Friday, August 29, 2014

Old Endings

I recently watched, on MeTV, the final episodes of two major 60s dramas, The Fugitive and Route 66.  The series had similarities--both lasted four seasons and both had the lead or leads traveling around the country, creating a new story in each place.  Route 66, however, was shot on location, while The Fugitive tried to make southern California look like every place.

Both finales were two-parters. The Fugitive's is famous--Dr. Richard Kimble, on the run so long for a crime he did not commit, is finally caught by Lt. Philip Gerard, but has enough time to find the one-armed man and discover who really killed his wife.  People had been waiting four years for this, and it was the most-watched TV series episode up to that point. It also effectively killed the reruns, because now everyone knew how things turned out.

The funny thing is, I didn't really watch the earlier episodes, so I wasn't particularly invested in the drama.  Yeah, yeah, big shoot-out at the amusement park.  Great.  It was in color, by the way, though the earlier seasons were in black and white, so Dr. Kimble got an upgrade.

Route 66 interested me more, even though the finale was incredibly silly.  The show fascinates me and I watched quite a few episodes (all in glorious black and white).  The two guys--first Tod and Buz, later Tod and Linc--start out each episode pulling into some new town in their snazzy Corvette.  Before you know it, they're involved in some local adventure (and getting into fights surprisingly often--these guys should be fugitives).

Most of the scripts are written by famed screenwriter Stirling Silliphant, though, to be honest, they're often pretty slipshod.  But, at its best, the show had an intensity, and also expressed a Jack Kerouac rootlessness and sense of searching that was unusual for TV.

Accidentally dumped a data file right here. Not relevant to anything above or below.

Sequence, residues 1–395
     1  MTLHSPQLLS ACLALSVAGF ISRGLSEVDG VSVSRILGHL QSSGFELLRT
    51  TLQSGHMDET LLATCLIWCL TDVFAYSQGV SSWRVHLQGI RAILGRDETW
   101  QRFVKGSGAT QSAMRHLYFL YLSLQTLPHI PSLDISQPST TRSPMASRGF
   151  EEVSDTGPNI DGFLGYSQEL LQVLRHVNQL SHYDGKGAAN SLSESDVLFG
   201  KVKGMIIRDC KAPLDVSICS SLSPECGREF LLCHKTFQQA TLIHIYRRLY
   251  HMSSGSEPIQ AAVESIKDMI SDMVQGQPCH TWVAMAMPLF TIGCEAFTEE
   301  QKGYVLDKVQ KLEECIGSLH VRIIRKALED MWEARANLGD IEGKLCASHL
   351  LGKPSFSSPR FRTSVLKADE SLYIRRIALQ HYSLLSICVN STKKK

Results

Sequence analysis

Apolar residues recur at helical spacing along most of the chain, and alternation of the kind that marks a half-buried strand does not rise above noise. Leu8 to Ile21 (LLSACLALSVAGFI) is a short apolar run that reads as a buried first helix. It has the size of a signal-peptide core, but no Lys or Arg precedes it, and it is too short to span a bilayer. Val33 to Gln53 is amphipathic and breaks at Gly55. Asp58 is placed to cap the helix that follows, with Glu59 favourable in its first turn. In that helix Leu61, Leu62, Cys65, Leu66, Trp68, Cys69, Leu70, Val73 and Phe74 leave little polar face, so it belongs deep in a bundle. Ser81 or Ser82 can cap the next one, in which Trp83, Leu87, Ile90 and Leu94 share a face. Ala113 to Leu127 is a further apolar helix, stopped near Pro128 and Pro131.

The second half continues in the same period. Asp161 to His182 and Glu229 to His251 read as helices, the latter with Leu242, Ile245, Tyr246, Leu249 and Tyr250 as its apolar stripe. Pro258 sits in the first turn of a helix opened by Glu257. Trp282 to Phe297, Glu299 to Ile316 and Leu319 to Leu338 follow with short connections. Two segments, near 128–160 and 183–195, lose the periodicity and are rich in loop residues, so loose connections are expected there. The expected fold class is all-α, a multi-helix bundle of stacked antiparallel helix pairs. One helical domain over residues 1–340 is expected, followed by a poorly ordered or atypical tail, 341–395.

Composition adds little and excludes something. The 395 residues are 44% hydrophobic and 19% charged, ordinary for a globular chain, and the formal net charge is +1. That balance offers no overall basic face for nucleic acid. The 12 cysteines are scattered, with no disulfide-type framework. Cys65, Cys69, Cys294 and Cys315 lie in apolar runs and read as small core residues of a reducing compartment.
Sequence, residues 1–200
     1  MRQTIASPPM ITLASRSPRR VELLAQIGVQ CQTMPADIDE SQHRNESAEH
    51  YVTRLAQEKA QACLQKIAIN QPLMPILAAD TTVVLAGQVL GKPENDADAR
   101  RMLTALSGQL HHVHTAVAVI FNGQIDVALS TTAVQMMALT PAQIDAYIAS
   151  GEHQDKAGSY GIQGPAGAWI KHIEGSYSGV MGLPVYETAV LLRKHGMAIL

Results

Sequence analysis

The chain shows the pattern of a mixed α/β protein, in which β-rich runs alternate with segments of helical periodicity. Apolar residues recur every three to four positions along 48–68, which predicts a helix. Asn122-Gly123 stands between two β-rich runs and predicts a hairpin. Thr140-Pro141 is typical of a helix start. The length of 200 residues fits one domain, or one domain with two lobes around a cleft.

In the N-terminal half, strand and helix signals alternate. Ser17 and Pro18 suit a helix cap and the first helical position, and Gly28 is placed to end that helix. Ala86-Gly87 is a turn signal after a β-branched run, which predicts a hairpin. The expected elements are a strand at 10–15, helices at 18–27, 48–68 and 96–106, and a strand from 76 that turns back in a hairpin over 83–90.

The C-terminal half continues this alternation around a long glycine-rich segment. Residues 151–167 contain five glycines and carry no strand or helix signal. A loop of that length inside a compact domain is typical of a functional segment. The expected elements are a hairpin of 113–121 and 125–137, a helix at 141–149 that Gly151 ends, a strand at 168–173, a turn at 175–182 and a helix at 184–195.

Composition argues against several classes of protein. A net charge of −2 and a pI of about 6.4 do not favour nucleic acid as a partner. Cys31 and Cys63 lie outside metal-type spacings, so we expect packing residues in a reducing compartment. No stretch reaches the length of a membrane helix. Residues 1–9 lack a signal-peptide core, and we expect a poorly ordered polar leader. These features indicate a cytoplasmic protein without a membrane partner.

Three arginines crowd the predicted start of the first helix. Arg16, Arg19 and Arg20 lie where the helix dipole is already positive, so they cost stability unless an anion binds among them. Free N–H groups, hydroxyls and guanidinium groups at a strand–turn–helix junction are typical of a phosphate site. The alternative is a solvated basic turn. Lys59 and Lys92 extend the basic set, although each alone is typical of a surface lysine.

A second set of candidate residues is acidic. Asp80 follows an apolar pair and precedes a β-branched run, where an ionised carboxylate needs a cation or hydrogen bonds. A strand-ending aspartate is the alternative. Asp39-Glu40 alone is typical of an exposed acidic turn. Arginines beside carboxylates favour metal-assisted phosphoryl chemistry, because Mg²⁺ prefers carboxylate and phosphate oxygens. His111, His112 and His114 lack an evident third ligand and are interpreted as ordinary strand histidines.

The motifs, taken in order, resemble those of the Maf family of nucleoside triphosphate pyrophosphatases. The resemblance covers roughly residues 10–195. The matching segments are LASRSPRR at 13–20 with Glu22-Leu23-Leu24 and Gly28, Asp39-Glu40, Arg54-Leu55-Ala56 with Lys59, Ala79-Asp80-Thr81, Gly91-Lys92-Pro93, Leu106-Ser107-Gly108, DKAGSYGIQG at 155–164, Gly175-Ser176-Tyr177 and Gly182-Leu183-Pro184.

By the fourth season, Buz--played by the intense George Maharis--is long gone and has been replaced by Linc, played by the lethargic Glenn Corbett.  In fact, Martin Milner's Tod has somehow become the more exciting character.

Anyway, the final two-parter, shot in Tampa, goes more for comedy--always a mistake on this show.  I won't go into the whole thing, but essentially it's a fight over a will, where a young woman, played by the beautiful Barbara Eden, marries Tod, while her aunt and uncles, fighting for their inheritance, try to kill him.  Don't ask why, but each of them have an accent--French, Spanish, Russian and British--even though they're all Americans. At the end of the first hour, Milner and Eden are on their way to their honeymoon when the taxi driver, in on the scheme, knocks Tod out with a wrench and throws him off a bridge into the river. The second hour has Tod secretly return and, with the help of Linc--not to mention costumes, makeup and accents that would embarrass a second-rate theatrical road company--get his revenge on each of the plotters.  Tod gets the girl and, believe it or not, no one gets the inheritance, even though the executor (played by Chill Wills) was required to give it to someone, I thought. Well, who cares.  Tod has found what he's looking for, which is what the series is about, and Linc will hitchhike back to Texas, where he's from, where he can reminisce about his years in Vietnam, and perhaps go back for another tour.

Not much of a send-off for the show. Certainly nothing compared to The Fugitive. But really the show ended somewhere in season three when Buz left.


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